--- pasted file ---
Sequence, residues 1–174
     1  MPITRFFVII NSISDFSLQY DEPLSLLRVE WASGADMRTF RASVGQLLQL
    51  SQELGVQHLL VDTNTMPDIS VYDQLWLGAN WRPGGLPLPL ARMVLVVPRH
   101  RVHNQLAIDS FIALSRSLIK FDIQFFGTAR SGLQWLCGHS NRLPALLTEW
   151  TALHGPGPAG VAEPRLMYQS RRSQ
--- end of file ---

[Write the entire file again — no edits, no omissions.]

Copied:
Sequence, residues 1–174
     1  MPITRFFVII NSISDFSLQY DEPLSLLRVE WASGADMRTF RASVGQLLQL
    51  SQELGVQHLL VDTNTMPDIS VYDQLWLGAN WRPGGLPLPL ARMVLVVPRH
   101  RVHNQLAIDS FIALSRSLIK FDIQFFGTAR SGLQWLCGHS NRLPALLTEW
   151  TALHGPGPAG VAEPRLMYQS RRSQ